I remember being a little restless during the Congressional Black Caucus dinner (the sound system was working poorly, and I couldn't make out what the speakers were saying). I remember being grateful that the room was dark, because my eyes were a little tired. I remember thinking what a shame it was that this magnificent evening should be spoiled by something as simple as a sound system.

Then all at once the whines and buzzes and echoes were gone; the sound was studio perfect, and the attention of the audience was suddenly fixed on the speaker. I couldn't quite make out his face in the gloom, but the words were crystal clear.

"My fellow black Americans," he was saying in a voice that was almost conversational, "we have spent the past several days articulating the problems, defining the problems, placing blame for the problems and, one might even say, celebrating the problems that confront us.

"I do not doubt the truth of anything we have heard this week. Some of the problems we face are the problems of Americans generally, but they strike us with disproportionate force because we are disproportionately poor and powerless. Some of our problems stem, with indisputable clarity, from racism. And some of our problems, while by no means new, are newly exacerbated by the program and policy choices of the current administration.

"All these things are true. But, with your indulgence tonight, I'd like to shift the focus from the question o fhow the problems cane to be to the more vexatious, controversial, and vastly more important question of how the problems are going to be solved.

"I don't propose any final answers. The problems are too varied and complex for that. But I do propose a different direction, a different model of action. The old model--one that served us well for a long time--was to force our problems on the attention of the benevolent powerful and ask them to provide the solutions.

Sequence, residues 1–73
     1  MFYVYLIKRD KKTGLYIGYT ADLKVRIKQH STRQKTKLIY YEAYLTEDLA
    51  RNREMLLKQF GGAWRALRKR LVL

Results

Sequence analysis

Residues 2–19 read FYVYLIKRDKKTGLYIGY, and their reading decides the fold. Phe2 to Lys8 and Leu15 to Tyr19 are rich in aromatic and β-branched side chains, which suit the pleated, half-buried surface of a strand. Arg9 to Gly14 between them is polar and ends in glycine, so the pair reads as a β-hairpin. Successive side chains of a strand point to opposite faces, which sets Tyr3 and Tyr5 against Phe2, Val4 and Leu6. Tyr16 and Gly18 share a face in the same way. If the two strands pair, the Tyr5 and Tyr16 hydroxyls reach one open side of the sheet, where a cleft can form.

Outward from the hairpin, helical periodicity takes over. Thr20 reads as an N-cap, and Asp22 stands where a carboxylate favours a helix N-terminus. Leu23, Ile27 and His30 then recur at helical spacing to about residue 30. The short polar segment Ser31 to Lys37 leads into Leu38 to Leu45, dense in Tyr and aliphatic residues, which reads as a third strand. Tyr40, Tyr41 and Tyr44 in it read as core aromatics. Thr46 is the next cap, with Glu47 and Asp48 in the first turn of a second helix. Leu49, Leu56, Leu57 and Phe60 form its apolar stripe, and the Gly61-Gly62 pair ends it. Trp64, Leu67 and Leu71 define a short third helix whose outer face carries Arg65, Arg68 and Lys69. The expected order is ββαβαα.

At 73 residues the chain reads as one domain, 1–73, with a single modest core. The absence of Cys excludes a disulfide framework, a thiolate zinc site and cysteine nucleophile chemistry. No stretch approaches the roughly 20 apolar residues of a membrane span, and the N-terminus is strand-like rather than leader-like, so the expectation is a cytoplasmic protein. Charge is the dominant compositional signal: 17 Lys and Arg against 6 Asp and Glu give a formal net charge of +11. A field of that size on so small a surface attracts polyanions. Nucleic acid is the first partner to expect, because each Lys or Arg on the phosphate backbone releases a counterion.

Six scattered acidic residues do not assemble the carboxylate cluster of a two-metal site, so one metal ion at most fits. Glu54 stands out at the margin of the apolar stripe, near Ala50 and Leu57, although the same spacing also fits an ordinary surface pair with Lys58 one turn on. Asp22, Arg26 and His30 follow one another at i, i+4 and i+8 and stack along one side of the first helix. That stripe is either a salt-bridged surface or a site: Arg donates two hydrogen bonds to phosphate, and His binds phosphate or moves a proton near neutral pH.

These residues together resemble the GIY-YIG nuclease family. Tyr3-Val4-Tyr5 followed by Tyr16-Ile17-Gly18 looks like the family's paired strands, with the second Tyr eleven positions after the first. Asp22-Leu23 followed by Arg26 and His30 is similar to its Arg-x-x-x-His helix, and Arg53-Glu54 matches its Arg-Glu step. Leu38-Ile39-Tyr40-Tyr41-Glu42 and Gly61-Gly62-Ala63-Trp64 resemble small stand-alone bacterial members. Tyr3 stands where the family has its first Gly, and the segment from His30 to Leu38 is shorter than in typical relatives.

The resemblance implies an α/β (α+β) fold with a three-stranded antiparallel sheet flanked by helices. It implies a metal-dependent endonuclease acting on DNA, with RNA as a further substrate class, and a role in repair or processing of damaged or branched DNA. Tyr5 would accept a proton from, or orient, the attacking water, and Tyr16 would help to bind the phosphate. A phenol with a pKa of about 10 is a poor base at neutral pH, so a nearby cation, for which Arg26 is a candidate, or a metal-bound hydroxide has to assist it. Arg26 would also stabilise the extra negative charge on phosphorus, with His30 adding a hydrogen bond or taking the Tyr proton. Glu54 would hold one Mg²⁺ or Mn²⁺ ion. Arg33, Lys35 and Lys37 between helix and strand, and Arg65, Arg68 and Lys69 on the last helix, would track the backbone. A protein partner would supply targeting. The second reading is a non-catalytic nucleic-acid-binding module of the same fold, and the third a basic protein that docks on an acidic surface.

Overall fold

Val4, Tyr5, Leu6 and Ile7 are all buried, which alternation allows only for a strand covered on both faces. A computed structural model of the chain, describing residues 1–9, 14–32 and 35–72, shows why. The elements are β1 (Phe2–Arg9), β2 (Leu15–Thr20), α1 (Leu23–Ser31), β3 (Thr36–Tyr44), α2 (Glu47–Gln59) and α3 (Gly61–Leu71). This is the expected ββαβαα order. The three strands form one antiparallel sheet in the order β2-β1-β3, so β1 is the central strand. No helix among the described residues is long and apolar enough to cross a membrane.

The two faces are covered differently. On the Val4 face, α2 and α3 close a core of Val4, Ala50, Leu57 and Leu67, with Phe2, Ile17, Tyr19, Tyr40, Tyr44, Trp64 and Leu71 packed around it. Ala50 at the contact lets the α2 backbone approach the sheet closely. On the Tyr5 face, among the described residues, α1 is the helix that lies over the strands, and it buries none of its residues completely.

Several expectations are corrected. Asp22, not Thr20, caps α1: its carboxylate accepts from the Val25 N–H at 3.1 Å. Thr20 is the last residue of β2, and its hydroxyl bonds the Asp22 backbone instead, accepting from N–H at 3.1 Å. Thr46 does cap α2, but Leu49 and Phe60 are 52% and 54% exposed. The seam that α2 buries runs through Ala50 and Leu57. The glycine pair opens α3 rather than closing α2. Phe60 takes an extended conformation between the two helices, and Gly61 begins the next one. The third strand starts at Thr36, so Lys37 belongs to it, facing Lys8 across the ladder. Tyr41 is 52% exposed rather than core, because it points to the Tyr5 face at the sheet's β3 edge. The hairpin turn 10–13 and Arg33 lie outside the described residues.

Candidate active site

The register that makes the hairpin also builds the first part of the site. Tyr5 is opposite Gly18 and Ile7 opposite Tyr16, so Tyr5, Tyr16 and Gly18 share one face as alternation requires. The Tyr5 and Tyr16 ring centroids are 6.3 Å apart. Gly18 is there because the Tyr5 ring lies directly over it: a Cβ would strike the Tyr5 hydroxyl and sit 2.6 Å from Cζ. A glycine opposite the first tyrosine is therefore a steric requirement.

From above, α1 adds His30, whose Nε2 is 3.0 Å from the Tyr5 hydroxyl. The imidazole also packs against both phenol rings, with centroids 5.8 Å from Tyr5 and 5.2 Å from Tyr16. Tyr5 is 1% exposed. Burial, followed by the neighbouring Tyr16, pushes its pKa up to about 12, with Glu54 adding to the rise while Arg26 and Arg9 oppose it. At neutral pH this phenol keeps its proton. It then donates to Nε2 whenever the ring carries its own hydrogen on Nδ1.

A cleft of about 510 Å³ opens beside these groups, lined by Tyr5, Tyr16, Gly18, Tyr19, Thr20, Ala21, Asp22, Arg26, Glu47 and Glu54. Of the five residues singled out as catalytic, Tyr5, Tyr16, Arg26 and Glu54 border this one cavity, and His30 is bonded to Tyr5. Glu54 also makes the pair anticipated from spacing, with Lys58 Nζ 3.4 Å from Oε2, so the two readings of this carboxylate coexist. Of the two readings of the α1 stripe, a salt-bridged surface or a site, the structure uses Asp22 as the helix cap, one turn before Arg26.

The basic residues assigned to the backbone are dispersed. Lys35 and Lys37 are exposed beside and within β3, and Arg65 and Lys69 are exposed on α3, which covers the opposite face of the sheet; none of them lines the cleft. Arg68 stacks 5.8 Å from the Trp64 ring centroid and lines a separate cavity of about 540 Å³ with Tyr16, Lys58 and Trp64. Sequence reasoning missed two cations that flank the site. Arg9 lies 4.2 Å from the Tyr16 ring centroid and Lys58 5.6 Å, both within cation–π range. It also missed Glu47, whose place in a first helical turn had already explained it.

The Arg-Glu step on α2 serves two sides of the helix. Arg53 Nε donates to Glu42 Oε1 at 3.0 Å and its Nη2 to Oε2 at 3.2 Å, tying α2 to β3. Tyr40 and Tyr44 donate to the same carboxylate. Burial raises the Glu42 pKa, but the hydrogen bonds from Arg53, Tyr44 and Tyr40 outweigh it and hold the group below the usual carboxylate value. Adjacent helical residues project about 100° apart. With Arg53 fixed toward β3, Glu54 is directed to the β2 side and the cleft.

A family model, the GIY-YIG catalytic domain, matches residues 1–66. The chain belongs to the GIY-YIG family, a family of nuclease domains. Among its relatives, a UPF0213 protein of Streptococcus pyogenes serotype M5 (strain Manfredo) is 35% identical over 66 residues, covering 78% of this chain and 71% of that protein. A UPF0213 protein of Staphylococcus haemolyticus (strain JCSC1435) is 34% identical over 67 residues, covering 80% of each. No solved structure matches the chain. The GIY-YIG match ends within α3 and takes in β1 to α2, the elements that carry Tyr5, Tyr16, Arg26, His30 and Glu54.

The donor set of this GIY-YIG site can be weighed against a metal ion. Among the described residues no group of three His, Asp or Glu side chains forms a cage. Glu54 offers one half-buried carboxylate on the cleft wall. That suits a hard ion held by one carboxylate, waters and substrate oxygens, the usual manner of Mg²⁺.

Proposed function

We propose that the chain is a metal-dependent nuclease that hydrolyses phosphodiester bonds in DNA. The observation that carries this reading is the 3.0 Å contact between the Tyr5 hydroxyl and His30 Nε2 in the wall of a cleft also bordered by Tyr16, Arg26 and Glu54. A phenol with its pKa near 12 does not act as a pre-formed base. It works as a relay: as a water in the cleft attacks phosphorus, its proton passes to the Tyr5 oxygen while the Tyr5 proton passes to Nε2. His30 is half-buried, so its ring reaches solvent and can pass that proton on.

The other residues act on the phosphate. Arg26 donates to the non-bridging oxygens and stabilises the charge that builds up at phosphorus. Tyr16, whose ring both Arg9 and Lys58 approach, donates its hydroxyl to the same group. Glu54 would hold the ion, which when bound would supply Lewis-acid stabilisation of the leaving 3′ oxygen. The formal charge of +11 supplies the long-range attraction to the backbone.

"It worked, when what we needed were legislative solutions. Now we need solutions of another kind, and we must create a new model. For instance, the main reason the gap between black-and-white-family income is widening again, after a long period of catch-up, is that a growing percentage of ;our families is headed by single females. Family breakup is part of that, but not all. Fifty-five percent of our babies are born out of wedlock, many of them to adolescent mothers. Legislation can't fix that. We'll have to do it ourselves.

"Even with the employment situation, much worse for us than for America at large, we can do some things for ourselves.

"It cost me $150 to come to this dinner, plus $200 in air fare, and I'm sure my hotel bill will come to a minimum of $300. All told, this weekend will probably cost me close to $1,000, nearly all that money going to white corporations. I propose to contribute an equal amount to a revolving fund upon which black entrepreneurs can draw to finance their worthy ventures and to make jobs for our people.

"Others of you in this audience spent similar sums to be here. You bought frocks and furs, you took planes, you bought food and lodging. You spent, among you, a few million dollars on this weekend alone. Yet think how little of that expenditure does anything to address the problems we've spent this week discussing.

"I'm proposing that whatever you spent this weekend you should give an equal amount to the revolving fund we are establishing here tonight. If you don't have the money with you, you can leave your pledge to send it in during the next 12 months.

"When black people across America see what you are doing here tonight, they will follow suit. Those too poor even to dream of attending a Black Caucus weekend will be inspired to send in $5 or $20 or whatever they can afford. And the result will be a turning point in our quest for black pride, black progress and black power. Let us begin, right here, right now."

First a trickle, and then waves of cheering black folk made their way to the podium, checkbooks in hand.

And then I woke up.